Apple had Mike Markkula, Facebook had Sean Parker, Airbnb had Michael Siebel, and Viaweb had Julian Weber. The list endless.
The ingredients are: great founders + great products + great helpers.
It's easy to say that great founders with great products will attract great helpers, but that ignores how few great helpers there are and how inefficient the "market" is.
YC is the greatest helper of startups in the history of startups, and expanding that help to a wider group is a great thing for the world.
What determines which founders you meet with? Since you had 650 founders apply the first time around and met with 50 teams there must be some filter and I assume its not random.
Any other demographic categories you think are important to especially reach out to?
As someone who grew up in the rural South I'm saddened by how overlooked it's communities are. Poverty is wide spread but services and activist groups are lacking. No one cares about rednecks.
... 'cause I'm pretty sure I'd make that drive for the chance to meet with the YC partners if it made any difference :)
TechStars has been running a sort of primer on entrepreneurship for veterans (http://patriotbootcamp.org/) for a few years now, but that's aimed at people just trying to figure out what's going on.
The YC opportunity seems more appropriate for those of us who are all-in and already building great companies. A nice evolution, and an important gap filled- thanks YC!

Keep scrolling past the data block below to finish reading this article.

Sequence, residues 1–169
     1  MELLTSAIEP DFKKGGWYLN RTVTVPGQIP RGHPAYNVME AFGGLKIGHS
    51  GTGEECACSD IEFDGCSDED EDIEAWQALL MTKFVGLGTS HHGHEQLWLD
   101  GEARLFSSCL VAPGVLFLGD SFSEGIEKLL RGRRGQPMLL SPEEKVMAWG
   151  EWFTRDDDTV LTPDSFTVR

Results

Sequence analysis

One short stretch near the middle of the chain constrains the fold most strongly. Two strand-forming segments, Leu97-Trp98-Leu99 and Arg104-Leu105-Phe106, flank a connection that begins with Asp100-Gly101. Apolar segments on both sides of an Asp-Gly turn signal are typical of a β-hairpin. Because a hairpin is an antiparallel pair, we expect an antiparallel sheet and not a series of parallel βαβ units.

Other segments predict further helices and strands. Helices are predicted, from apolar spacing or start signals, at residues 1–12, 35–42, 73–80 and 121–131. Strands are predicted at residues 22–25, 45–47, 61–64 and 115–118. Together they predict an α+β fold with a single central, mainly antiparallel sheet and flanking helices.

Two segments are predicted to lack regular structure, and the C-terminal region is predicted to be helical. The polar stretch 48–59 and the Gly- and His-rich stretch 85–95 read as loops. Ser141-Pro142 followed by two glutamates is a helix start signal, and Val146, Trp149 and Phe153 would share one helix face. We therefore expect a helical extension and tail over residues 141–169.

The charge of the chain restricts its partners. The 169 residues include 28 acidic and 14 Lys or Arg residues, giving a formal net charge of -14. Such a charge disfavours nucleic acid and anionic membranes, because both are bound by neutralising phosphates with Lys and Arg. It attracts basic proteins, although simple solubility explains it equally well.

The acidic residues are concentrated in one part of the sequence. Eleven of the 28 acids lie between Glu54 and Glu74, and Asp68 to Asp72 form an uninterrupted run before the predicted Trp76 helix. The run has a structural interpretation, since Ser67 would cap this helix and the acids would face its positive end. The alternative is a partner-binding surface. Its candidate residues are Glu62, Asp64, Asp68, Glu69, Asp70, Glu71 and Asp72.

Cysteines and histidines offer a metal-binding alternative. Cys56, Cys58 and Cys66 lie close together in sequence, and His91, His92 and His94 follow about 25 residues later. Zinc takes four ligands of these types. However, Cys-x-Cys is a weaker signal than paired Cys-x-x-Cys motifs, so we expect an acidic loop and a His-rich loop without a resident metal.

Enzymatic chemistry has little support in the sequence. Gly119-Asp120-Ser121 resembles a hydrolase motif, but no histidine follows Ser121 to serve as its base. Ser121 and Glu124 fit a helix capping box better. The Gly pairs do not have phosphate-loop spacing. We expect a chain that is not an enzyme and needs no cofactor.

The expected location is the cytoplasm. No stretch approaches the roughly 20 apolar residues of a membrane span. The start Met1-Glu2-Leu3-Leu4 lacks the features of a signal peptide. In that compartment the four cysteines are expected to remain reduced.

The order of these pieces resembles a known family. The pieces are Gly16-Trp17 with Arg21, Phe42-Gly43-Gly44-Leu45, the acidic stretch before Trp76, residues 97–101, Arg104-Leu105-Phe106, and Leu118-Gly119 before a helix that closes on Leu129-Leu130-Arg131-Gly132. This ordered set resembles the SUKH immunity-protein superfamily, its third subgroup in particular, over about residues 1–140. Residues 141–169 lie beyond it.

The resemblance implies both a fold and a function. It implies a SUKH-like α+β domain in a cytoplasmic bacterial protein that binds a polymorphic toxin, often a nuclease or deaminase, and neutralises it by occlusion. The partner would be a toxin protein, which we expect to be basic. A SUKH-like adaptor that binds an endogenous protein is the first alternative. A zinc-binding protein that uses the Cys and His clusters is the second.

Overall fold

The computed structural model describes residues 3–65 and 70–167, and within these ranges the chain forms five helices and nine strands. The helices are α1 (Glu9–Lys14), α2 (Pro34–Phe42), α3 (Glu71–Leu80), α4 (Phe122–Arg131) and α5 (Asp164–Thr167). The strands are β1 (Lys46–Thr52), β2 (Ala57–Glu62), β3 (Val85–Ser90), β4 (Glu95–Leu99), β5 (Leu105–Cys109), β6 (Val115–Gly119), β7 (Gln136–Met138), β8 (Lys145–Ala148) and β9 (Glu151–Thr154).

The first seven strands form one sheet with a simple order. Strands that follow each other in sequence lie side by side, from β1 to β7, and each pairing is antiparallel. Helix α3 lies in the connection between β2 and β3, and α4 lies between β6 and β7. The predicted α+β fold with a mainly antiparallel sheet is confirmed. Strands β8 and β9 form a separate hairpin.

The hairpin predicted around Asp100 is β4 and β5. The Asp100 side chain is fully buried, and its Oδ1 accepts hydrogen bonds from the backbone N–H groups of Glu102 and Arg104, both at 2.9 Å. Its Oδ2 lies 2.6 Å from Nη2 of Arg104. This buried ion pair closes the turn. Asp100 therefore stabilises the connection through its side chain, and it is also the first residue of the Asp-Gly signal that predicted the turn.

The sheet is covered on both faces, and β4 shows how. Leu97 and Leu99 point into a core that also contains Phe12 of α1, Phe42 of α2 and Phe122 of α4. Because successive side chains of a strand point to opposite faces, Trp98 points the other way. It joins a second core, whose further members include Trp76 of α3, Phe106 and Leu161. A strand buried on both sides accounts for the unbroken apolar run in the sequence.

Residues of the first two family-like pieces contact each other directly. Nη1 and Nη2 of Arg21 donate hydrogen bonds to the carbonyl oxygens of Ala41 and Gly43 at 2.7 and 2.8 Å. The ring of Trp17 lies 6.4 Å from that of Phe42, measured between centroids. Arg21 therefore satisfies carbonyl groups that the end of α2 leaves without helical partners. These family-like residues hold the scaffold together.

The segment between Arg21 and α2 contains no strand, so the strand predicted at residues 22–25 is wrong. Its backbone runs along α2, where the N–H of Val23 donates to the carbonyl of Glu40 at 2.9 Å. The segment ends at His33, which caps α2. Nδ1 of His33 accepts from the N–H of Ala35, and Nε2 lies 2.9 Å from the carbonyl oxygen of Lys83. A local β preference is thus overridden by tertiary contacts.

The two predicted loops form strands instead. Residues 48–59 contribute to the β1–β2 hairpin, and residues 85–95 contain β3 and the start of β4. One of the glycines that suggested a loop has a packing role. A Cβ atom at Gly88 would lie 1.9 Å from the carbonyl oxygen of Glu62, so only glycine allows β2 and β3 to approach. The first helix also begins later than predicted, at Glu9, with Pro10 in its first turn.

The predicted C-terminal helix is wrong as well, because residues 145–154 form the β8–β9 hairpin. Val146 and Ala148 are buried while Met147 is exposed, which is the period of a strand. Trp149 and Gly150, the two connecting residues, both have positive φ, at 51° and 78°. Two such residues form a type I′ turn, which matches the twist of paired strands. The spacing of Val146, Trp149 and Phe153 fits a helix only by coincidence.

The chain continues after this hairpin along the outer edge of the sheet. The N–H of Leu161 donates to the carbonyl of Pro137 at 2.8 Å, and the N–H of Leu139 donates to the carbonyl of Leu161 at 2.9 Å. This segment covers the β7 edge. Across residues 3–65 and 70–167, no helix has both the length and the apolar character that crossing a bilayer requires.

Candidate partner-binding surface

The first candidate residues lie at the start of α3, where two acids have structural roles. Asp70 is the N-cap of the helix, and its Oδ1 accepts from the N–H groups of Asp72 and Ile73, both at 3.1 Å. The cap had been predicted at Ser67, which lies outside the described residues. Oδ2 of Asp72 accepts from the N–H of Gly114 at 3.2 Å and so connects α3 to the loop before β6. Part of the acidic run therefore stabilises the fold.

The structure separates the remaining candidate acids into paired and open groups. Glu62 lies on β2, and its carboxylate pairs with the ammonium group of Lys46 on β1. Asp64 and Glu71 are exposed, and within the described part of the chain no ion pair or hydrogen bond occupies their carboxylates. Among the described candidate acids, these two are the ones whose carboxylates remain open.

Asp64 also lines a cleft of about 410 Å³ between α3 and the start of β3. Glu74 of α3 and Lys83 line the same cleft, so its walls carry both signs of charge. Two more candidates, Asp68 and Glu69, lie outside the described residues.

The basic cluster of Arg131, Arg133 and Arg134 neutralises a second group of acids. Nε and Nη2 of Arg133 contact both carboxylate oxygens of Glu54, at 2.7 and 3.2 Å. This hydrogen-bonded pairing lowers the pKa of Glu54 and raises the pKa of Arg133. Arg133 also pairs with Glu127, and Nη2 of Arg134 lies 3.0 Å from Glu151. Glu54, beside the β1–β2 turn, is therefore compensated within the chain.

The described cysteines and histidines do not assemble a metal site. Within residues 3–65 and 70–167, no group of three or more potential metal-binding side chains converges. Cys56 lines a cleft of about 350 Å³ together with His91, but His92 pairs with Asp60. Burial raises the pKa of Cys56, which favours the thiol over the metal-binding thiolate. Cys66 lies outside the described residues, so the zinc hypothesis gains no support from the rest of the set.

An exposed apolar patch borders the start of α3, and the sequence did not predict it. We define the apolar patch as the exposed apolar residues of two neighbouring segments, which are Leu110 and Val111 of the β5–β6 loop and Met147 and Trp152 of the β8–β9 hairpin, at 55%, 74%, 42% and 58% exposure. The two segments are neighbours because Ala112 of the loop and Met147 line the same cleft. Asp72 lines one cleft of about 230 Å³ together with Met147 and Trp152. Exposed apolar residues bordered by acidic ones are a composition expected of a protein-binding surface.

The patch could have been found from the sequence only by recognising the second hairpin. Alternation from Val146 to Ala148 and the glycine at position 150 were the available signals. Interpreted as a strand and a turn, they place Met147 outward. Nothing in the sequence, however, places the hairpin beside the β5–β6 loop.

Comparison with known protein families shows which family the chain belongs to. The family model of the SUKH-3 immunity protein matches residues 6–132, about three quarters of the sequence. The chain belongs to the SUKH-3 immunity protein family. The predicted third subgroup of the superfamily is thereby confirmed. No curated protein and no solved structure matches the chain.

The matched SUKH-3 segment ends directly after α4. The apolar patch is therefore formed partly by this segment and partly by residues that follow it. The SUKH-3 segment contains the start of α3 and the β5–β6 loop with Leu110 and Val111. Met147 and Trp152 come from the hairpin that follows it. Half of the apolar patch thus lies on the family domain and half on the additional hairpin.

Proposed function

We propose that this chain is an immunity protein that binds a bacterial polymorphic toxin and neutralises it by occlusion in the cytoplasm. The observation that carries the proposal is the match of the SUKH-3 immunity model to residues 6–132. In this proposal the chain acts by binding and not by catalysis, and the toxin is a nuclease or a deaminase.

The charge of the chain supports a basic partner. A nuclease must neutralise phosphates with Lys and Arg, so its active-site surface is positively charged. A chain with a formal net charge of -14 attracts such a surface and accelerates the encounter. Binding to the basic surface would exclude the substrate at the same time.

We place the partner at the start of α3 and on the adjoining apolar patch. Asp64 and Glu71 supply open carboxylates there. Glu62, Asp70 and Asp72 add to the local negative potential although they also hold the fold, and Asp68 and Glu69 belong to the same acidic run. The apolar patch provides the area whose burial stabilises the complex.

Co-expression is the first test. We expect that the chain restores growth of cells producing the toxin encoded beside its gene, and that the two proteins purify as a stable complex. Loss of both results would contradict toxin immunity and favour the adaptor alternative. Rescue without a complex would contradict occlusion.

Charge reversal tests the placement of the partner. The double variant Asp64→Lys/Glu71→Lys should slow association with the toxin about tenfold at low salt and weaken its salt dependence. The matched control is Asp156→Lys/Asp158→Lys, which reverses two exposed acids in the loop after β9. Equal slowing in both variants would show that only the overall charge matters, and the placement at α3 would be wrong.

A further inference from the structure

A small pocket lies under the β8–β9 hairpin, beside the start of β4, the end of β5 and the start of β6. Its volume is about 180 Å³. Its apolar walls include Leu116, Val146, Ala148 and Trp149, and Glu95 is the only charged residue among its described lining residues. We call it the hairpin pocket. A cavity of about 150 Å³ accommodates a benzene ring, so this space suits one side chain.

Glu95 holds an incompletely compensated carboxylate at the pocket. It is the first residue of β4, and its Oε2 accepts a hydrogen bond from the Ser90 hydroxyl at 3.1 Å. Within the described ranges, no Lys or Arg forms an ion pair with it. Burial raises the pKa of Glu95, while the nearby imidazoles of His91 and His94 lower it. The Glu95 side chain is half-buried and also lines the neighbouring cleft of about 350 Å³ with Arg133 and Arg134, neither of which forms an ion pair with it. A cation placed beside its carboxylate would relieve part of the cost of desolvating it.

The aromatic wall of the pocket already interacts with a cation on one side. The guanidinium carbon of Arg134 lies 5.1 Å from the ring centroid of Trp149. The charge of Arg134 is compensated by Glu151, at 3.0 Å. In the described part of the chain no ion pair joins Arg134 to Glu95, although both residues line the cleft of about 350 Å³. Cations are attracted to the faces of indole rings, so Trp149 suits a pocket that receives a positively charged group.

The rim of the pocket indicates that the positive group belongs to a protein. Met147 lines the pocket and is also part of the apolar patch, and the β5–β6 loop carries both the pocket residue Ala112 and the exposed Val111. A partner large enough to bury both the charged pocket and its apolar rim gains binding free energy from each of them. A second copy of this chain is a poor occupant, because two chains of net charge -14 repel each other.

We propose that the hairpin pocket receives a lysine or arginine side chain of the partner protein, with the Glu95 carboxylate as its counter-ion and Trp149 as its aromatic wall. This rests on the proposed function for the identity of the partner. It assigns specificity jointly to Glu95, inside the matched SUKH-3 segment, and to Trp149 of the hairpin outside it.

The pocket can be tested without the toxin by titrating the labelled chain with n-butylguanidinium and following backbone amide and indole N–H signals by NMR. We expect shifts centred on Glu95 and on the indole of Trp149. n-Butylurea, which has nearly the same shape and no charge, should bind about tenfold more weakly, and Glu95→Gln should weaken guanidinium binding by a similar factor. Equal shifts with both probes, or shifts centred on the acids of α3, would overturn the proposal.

This seems really dangerous -- it creates a huge incentive for companies to waste YC's time. There aren't many things early startup founders can do which are worth more than $15000/hour. Sure, you can probably filter out many AWS-credit-seekers via the application process, but that adds more work for the people who read through all the applications.
Have you considered either (a) refusing the credits, or (b) taking a small number and handing them out to the most "deserving" startups at the end of the day?
Developers who think in terms of over-optimizing costs probably wouldn't even be picked anyway.
Really? Are you able to produce more than $5000 of value for your startup in 20 minutes?
Office hours provides way more insightful and long term value than some free server hours.
For the people YC wants to talk to, sure. But dangling $5000 of AWS credits in front of people may attract people they don't want to talk to.
Hosting credits are not currency. Most startups will never need anything close to $5000 in AWS credits.
Not to mention that AWS basically gives them out like candy. I have several grand in AWS credit just from attending hackathons and conferences.
This statement is not true. It is quite easy to have a $5,000 a month bill on Amazon.
The majority of startups never get any real traction and see only a small trickle of traffic every day.
Unfortunately I cannot disclose the numbers and the companies, but they are way larger than $5k
$5k in credit for hosting probably has a marginal cost of $0.
On the other end, if you take AWS offer and start using their services, you'll probably won't leave them anytime soon, particularly if you rely on provider-specific systems (SNS for instance).
Startups get a nice discount, hosting providers get an opportunity to supply a future successful startup and very quickly win back the $5k...
(BTW, Tarsnap isn't in any incubators/accelerators, but if someone wants to throw a bunch of AWS credits at me I'd be happy to have them!)